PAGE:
Monday January 21, 2013
Meeting an apprentice geisha
By LEE MEI LI
Forget Memoirs Of A Geisha. Here is an exclusive glimpse into what goes on behind the scenes for a 21st century apprentice geisha from Kyoto, Japan.
OHAYO gozaimasu (good morning), Chiharu Yabe calls out by the doorway. From within the service suite, a shy face peeks out for a second and is gone the next. Yabe, the general manager of Kampachi Restaurant, ushers us into the room, beyond which stands a small-framed woman clad in a terry cloth bathrobe.
Her skin is porcelain clear, freshly scrubbed clean of sleep and make-up. A pair of close-set eyes stares back at us intently, inviting conversation.
For the likes of us, it is a rare privilege to meet Miegiku, a 19-year-old maiko (apprentice geisha) from Kyoto, Japan. Exuding a maturity beyond her years, Miegiku has been an apprentice geiko for the past four years; in the Gion district in Kyoto, the geisha are referred to as geiko, which translates into “a woman of art”.
Like most of the women in her trade, Miegiku uses only a single professional name. She was accepted into an okiya (boarding house) at the age of 15. Since then, her days have been filled with training sessions that stretch for hours, during which she works hard to master the art of ikebana (flower arranging) and sado (tea ceremony), playing the shamisen and learning the odori dance.
When night falls, she is the epitome of grace: a sake-pouring entertainer-performer, highly regarded in the eyes of her male clients, during feasts.
Miegiku still has about a year to go before she graduates as a geiko; at present, she reports to the head of the okiya, Okamura Kazue, 66, who is respectfully addressed as okaasan (mother).
With a head full of silvery hair cropped short, Okamura pops out from the bedroom to welcome us. A string of Japanese greetings roll off her tongue, and like Miegiku, she speaks little English. Our interpreter for the day is Yabe, who hails from Nihonbashi in Tokyo.
Miegiku, accompanied by Okamura and a talent manager, is here in Kuala Lumpur to grace the opening ceremony of the flagship Kampachi outlet, the signature Japanese restaurant of the Hotel Equatorial group, in The Troika, Kuala Lumpur.
Now, a good few hours before the event, the metamorphosis begins as Okamura sets out to transform her bare-faced maiko into a refined beauty, steeped in Japanese tradition.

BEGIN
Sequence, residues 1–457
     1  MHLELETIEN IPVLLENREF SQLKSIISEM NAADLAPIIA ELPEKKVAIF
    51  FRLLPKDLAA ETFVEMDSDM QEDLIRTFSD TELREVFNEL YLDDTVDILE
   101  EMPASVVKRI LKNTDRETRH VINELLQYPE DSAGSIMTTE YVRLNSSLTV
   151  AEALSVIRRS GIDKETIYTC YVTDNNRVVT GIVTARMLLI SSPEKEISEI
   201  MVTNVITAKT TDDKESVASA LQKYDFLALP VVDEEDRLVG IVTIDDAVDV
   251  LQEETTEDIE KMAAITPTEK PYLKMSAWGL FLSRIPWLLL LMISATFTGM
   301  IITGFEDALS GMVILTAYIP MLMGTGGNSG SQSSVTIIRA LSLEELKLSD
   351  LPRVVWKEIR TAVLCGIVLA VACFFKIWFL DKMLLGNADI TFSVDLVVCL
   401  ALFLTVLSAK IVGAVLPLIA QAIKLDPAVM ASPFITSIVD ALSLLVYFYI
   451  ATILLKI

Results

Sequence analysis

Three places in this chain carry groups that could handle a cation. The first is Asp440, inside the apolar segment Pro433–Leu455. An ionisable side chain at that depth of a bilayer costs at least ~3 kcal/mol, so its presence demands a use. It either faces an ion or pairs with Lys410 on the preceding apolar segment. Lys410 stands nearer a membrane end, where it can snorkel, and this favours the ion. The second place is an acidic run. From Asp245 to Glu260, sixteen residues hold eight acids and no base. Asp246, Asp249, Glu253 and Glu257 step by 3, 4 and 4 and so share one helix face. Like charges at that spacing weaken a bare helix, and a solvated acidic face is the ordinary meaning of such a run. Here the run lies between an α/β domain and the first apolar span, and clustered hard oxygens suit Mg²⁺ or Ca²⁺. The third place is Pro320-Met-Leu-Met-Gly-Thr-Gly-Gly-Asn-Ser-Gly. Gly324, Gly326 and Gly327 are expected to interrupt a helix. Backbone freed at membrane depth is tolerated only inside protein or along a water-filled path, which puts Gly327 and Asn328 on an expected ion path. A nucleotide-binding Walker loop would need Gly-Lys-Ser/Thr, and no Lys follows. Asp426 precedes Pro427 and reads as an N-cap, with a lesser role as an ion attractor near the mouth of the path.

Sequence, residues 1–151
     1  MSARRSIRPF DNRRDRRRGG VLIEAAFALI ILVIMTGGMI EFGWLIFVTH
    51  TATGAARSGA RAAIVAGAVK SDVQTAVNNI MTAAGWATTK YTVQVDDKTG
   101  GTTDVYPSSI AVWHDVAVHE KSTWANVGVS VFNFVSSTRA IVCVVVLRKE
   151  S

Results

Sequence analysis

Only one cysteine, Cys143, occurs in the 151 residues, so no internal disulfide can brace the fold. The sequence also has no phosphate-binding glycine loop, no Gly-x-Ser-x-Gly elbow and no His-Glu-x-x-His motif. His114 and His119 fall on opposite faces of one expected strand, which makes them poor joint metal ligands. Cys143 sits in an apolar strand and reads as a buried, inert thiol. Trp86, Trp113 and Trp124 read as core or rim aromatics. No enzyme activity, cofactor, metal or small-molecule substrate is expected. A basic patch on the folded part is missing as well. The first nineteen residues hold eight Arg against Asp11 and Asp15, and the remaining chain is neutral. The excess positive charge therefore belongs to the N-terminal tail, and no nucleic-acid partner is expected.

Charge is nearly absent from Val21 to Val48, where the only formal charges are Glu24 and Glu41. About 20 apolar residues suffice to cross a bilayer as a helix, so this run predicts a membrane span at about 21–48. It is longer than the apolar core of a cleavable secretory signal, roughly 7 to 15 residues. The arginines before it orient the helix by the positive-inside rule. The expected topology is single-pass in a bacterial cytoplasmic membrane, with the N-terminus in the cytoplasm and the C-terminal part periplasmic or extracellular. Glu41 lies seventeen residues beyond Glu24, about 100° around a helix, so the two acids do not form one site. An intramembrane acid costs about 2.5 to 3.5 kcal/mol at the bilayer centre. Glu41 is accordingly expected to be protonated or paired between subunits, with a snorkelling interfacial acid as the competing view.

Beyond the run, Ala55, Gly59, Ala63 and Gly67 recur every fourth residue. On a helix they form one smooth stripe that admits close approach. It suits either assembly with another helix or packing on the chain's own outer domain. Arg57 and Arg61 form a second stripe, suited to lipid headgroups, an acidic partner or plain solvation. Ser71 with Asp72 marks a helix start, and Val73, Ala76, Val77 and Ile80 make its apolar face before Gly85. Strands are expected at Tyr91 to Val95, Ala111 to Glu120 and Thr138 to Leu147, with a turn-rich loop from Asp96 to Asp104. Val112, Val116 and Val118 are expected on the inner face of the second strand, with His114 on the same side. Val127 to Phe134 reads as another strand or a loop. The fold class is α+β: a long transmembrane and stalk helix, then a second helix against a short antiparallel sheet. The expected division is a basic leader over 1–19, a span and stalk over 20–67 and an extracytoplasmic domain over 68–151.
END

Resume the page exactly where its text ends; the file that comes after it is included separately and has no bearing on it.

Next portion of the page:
The okaasan is quick to set the record straight: the maiko and geiko are performers of Japanese art, not women with sexual services for sale, as common misconceptions go. Not just anyone can be in the company of a maiko; when it comes to clients, the okiya only accepts referrals.
Miegiku, wrapped in only a towel and chiffon scarf, takes her place in the centre of the room where a chair is laid out for her. Her expression is serene – a maiko almost never gets the okaasan to fuss over her looks. Make-up is a self-mastering art, but today is an exception because both are outside their comfort zones.
The massage comes first; an oily wax-like substance known as bintsuke-abura is buttered over Miegiku’s face, neck and chest, to help the foundation stay on.
“Performers in the Kabuki theatre use a similar oil, but more. So it’s more stinky,” quips Okamura, referring to the classical Japanese dance drama.
Miegiku’s shoulder-length hair is not spared the grease. Okamura grabs a wooden comb from a nearby table which is covered with wigs, cotton buds and cosmetics, including a tiny Hello Kitty case filled with a powdery essence.
The maiko winces as her okaasan runs the comb through her hair, yanking firmly at the roots to gather up a handful. After more tugging, she ties a string of wire-like paper to hold them in place, tightening it with her teeth. Normally, this task would require the services of a keppatsu-shi, a professional geisha hairdresser, who can charge up to ¥20,000 (RM680) each time.
“A lot of girls give up being a maiko because of the pain,” Okamura reveals, patting the top of Mieguki’s head. Apparently, all geiko acquire a bald spot after a few years of rough styling. Back in Kyoto, Mieguki sleeps on holed pillows to maintain the pristine condition of her hairdo, which can last for up to seven days.
Today, her locks are being styled into the ofuku mage: a bouffant hairstyle patched with balls of wig, absorbent Japanese paper and silk ribbons. Thirty minutes later, Okamura slots in the finishing touches – kanzashi (hair ornaments) – and stands back to admire her masterpiece.
“The biggest challenge of being a maiko is in the dancing. Maiko means dancing girl – so if she can’t dance, she can’t be a maiko.”
Young maikos are observed over a three-week probationary period for their dancing skills. Those who make it will be assigned to an oneesan (big sister), an older maiko, who would show them the ropes for the next three months.
“An oneesan wakes up at eight in the morning; a maiko will wake up half an hour earlier. Training starts at 10am all the way until lunch and continues after that. At 3pm, the girls will start getting themselves ready for work at night. They will go off to the restaurants in the evening and return home by midnight every day,” Okamura says. Clients who want their maiko to stay longer must seek the prior permission of the okiya – though nothing goes on later than 2am.